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Friday, 4 July 2014

Indonesia’s Adira Picks Malaysia for Sukuk Sale on Cheaper Borrowing Costs

Southeast Asia’s largest consumer lender is shunning its home country of Indonesia and selling Islamic bonds in Malaysia, lured by cheaper borrowing costs and a more-active market.

Adira Dinamika Multi Finance, which helped Indonesians buy 1.8 million motorcycles last year, will offer as much as $150 million of sukuk in Kuala Lumpur, president director Willy Suwandi Dharma said on June 30, without specifying a currency for the sale. Malaysia’s 10-year sovereign ringgit sukuk yield 4.23 percent, compared with 8.97 percent for similar-maturity Indonesian rupiah notes, data compiled by Bloomberg show.

Adira’s decision comes amid a seven-month drought in corporate Islamic bond sales in Indonesia, where the market is just 0.4 percent the size of Malaysia’s and issuers are still seeking clarity over tax rules. Indonesia’s economic growth slowed to the least since 2009 in the first quarter after the central bank raised its policy rate by 1.75 percentage points to 7.5 percent last year.

“Indonesia’s higher rates and smaller market prompted Adira to look next door,” Handy Yunianto, head of fixed-income research at Mandiri Sekuritas, a unit of the nation’s largest bank, said in a July 1 interview in Jakarta. “It will be difficult to see sales picking up in the second half of the year, when tightening liquidity curbs demand for sukuk.”

Stock rises

Adira plans to sell the Islamic bonds this year, or by April 2015 at the latest, after it gets a credit rating, Dharma told reporters in Jakarta. The company will use the proceeds to boost its Shariah-compliant financing business, he said. Shares of the consumer lender rose 41 percent this year, compared with a 15 percent rally in the Jakarta Composite index. Net income increased 20 percent to 1.7 trillion in 2013.

Indonesian corporate sales of debt that comply with Islam’s ban on interest amounted to 2.20 trillion rupiah in 2013, near the record 2.32 trillion rupiah in 2008, finance ministry data show.

Bank Internasional Indonesia, a unit of Malayan Banking, will end this year’s sales drought when it offers 300 billion rupiah of sukuk in July, according to a June 19 company statement. The three-year notes will be offered at 9 percent to 10 percent, as much as 1.84 percentage points more than similar- maturity government sukuk, data compiled by Bloomberg show.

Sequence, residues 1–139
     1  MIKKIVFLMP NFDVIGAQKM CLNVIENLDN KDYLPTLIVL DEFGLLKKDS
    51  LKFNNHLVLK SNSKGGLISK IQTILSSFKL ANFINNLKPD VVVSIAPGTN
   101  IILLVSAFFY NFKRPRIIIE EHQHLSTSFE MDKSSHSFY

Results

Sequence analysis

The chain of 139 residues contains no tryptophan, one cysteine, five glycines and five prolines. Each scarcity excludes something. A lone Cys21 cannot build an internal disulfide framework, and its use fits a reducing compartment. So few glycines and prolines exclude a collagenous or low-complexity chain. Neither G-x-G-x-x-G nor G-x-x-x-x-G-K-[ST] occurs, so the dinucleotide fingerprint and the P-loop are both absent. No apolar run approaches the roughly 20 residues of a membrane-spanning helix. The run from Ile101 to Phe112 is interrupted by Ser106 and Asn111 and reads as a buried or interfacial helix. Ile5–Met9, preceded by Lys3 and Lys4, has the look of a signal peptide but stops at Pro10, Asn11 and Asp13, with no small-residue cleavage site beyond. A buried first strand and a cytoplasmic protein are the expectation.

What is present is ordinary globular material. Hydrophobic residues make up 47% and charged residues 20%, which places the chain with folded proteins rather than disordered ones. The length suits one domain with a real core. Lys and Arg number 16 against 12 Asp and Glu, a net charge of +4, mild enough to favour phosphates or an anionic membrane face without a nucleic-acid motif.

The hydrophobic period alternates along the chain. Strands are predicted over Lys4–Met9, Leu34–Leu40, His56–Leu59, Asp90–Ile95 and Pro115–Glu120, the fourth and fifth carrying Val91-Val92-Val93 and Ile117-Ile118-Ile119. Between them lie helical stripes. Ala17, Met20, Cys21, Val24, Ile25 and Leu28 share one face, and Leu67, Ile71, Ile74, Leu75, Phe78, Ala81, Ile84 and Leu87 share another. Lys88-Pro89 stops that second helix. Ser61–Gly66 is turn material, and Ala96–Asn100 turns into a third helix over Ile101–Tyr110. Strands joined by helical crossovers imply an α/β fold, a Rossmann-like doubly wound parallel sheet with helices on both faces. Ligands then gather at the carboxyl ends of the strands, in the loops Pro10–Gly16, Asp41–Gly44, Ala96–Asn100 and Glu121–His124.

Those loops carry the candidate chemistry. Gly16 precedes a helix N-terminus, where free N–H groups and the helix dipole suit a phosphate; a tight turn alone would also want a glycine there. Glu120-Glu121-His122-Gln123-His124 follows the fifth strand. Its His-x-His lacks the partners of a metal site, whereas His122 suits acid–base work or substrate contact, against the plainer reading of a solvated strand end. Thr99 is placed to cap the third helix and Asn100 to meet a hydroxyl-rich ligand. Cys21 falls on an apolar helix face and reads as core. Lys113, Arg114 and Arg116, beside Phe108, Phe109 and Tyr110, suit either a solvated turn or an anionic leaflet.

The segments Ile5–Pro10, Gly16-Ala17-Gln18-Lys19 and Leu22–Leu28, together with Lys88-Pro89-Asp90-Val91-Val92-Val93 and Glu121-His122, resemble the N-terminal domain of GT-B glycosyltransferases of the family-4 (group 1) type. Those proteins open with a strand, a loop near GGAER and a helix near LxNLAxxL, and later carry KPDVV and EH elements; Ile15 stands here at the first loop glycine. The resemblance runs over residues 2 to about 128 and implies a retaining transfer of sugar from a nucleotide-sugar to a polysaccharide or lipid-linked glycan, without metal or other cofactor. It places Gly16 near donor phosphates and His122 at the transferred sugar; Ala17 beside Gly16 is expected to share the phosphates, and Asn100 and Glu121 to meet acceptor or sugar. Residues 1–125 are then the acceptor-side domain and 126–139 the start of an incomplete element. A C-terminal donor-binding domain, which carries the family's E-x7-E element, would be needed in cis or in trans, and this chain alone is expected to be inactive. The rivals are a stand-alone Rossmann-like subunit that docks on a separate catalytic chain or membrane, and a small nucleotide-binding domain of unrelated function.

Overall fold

Trailing Malaysia

“Demand for Bank Internasional’s sukuk should be quite good as there’s been a shortage of sales,” Dini Agmivia Anggraeni, a fixed-income analyst at Maybank Kim Eng Securities, one of the arrangers for the offer, said in a July 1 interview. “2014 will be a slow year. Sales are very unlikely to catch up to the sort of activity seen in previous years.”
Indonesia had $12.3 billion of outstanding Islamic bonds at the end of 2013, finance ministry data show. Malaysia, which pioneered Islamic finance in the 1980s, accounted for $178 billion of the world’s $290 billion of outstanding sukuk, according to a June 4 report by Moody’s Investors Service.

Worldwide issuance of Shariah-compliant debt has increased 26 percent this year to $25.1 billion from the same period in 2013, data compiled by Bloomberg show.

Indonesia’s Financial Services Authority is in talks with the tax department on the double taxation matter, Nurhaida, head of capital market supervision at the agency in Jakarta, said in February.

Companies must currently consult with the regulator, which makes decisions on a case-by-case basis, she said.
By contrast, Malaysia has extended tax exemptions for overseas entities selling Shariah-compliant debt onshore through 2014, from 2012 previously, to encourage more issuance.

“There’s a lot of work that needs to be done in terms of bringing it up to where it is for Malaysia,” Jesse Liew, head of global Islamic bonds at BNP Paribas Investment Partners Malaysia, said in a July 1 interview. “Malaysia’s sukuk market is generally more developed. The sukuk market here has liquidity and demand so it puts them at a big advantage.

(Jakarta Globe / 03 July 2014)
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